- Influencer got trapped under ice for TikTok clout, ‘came close to dying’ Thursday 7:59 PM
- #BernieBruh puts new spin on ‘Bernie Bro’ label, showcases support among Black voters Thursday 6:58 PM
- Camila María Concepcíon, trans activist and Netflix writer, dies at 28 Thursday 5:46 PM
- Chrissy Teigen calls out fan who made weird comment about her daughter’s feet Thursday 4:57 PM
- TikTok’s ‘clean queen’ says videos are helping her figure out ‘adulting’ Thursday 4:12 PM
- Clearview clients include ICE, Macy’s, Best Buy, leaked data reveals Thursday 4:08 PM
- Women are clamoring to get their photos on a Twitter feed of ‘hot mugshots’ Thursday 4:06 PM
- ‘Love Is Blind’ finale: Somehow, real love emerged from this dystopian setting Thursday 3:57 PM
- Creator of ‘Say So’ TikTok dance appears in Doja Cat music video Thursday 3:51 PM
- Is TikTok’s algorithm actually pretty racist? Thursday 3:45 PM
- Fans freaking out over ‘Say My Name’ horror remix featured in Jordan Peele’s ‘Candyman’ Thursday 3:33 PM
- CDC graphic warns most facial hair isn’t compatible with coronavirus protection measures Thursday 1:31 PM
- Tutoring website refuses to take down ad sexualizing Asian women Thursday 1:24 PM
- MSNBC pundit loses air time after saying Sanders staffers are ‘island of misfit Black girls’ Thursday 12:36 PM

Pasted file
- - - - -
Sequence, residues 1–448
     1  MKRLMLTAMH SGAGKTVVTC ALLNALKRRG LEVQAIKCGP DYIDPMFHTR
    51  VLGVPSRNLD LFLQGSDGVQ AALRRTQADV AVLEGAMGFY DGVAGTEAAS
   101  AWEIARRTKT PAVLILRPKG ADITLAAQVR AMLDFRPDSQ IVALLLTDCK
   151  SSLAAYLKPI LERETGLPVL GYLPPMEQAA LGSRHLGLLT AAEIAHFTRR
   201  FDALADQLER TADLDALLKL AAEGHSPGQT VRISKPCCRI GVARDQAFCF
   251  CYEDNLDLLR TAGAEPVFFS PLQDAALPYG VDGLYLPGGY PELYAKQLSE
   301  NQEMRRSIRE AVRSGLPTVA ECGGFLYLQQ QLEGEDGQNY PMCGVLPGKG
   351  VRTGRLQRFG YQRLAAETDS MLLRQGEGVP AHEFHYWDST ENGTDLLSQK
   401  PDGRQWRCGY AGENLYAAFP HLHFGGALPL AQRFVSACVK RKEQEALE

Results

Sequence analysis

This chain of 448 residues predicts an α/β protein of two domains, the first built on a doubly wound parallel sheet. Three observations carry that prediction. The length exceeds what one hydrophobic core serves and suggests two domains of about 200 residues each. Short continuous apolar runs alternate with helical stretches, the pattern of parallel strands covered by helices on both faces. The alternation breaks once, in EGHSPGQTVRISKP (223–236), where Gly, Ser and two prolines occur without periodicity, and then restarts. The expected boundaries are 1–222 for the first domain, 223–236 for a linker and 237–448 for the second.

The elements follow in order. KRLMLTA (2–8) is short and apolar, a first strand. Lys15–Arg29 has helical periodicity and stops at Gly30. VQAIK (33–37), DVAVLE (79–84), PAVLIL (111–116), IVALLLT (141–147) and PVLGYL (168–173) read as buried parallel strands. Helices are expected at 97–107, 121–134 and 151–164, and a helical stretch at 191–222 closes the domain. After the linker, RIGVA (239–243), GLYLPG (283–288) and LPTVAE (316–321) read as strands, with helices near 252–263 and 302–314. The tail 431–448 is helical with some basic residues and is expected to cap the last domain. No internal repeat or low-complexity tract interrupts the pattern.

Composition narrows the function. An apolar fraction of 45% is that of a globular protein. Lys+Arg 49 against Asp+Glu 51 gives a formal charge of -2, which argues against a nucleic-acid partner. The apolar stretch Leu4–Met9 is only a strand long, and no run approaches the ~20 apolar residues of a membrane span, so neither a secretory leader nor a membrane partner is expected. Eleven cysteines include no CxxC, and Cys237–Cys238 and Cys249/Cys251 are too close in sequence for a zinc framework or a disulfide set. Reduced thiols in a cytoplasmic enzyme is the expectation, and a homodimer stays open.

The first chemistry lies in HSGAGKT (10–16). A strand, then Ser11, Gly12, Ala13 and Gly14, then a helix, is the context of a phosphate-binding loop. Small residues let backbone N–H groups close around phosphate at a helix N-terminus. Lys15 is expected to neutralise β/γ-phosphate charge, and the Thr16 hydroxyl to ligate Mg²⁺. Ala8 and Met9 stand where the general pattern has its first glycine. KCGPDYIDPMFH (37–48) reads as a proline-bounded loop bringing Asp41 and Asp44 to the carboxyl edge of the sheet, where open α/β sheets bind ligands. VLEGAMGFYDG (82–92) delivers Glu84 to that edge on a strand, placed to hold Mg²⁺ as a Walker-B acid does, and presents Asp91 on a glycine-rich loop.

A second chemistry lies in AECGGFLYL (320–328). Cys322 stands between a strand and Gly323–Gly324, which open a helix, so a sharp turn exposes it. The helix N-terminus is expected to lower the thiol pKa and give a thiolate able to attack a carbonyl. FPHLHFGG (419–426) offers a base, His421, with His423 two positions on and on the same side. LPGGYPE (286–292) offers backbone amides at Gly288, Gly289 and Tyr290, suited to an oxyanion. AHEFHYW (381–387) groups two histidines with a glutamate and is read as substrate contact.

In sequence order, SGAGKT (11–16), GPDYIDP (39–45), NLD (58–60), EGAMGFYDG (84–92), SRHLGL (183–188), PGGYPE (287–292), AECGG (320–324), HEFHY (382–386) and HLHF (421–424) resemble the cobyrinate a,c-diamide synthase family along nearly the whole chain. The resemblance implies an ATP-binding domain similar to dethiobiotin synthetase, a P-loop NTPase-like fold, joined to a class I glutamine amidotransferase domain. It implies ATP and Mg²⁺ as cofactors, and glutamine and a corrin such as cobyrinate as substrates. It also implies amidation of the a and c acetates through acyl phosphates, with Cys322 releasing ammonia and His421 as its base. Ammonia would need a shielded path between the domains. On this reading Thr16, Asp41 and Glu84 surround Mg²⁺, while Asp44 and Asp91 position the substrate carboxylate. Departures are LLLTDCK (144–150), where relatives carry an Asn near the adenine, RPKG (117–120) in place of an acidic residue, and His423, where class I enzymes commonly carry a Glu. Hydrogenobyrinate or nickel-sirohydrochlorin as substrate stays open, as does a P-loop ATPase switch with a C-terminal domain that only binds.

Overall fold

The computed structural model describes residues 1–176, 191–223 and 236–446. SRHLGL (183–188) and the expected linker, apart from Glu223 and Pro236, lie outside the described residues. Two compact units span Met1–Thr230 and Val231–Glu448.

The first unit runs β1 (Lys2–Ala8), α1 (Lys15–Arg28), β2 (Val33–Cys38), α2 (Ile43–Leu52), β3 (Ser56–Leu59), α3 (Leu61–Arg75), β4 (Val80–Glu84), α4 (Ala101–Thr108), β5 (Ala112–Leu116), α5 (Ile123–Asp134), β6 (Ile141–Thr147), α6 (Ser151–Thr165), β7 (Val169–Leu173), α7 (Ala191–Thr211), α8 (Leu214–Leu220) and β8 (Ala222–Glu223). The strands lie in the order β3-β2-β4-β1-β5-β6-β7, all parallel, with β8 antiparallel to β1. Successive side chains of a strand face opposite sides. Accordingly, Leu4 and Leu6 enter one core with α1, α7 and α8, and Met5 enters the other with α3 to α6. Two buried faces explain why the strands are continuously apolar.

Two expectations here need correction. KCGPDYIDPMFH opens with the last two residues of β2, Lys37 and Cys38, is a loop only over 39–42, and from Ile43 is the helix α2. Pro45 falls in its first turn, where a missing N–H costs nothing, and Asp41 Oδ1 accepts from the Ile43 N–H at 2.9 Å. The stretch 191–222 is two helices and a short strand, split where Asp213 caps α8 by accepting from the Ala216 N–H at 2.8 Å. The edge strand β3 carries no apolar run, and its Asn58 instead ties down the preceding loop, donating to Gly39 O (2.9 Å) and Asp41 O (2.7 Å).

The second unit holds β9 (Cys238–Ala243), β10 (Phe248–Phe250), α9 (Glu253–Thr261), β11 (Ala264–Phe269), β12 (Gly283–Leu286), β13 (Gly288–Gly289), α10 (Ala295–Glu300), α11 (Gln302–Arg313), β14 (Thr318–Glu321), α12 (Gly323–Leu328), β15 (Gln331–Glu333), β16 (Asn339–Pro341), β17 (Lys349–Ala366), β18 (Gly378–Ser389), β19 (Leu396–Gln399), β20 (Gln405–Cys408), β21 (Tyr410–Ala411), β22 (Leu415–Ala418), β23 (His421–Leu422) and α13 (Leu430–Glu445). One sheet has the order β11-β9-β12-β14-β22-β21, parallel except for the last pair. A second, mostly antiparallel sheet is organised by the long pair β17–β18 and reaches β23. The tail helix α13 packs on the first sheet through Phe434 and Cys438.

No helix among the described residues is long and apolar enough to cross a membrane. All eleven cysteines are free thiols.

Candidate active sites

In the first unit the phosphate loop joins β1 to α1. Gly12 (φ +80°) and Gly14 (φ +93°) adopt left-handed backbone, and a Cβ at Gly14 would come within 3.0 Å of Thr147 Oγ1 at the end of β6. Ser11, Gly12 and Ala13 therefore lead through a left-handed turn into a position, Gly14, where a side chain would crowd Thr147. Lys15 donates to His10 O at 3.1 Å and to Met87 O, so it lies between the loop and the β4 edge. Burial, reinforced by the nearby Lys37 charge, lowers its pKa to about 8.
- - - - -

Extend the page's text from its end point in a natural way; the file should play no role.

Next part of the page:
- Court says YouTube isn’t subject to First Amendment scrutiny Thursday 11:06 AM
Netflix’s supernatural series The Order is an odd duck of a show. It feels like a relic from five years ago when YA adaptations were all the rage. Witches, werewolves, spells, incantations, and transformations abound. There are secret societies, and the fate of the world is at stake. Normally this kind of stuff makes my eyes glaze over. Not because I think I’m better than this material—I assure you I am not—but because these kinds of stories tend to become toothless piles of mush by the end. But there is a lot to enjoy in The Order. The show has its tongue planted firmly in cheek, and its sense of humor is a frequent source of amusement. Between the laughs is a fun, twisty narrative and a game cast to tie it all together.
CREATOR: Dennis Heaton
College freshman Jack Morton hopes to get into the secret society The Order, but ends up caught between warring factions of witches and werewolves.
Jack Morton (Jake Manley), looking like this generation’s Shawn Hunter, is a college freshman out to make an impression. He’s a go-getter with his eye on joining Belgrave’s secret club, The Order. Jack and his grandfather Peter (Matt Frewer) have worked toward this goal for years, fueled by the loss of Jack’s mom and Peter’s daughter, Chloe. The Order doesn’t waste any time, as Jack is clearly the best option for the new class of pledges. Just as Jack is on the cusp of getting everything he’s pursued, he gets turned into a werewolf. Caught in no man’s land, Jack becomes a double agent. Are you on board yet?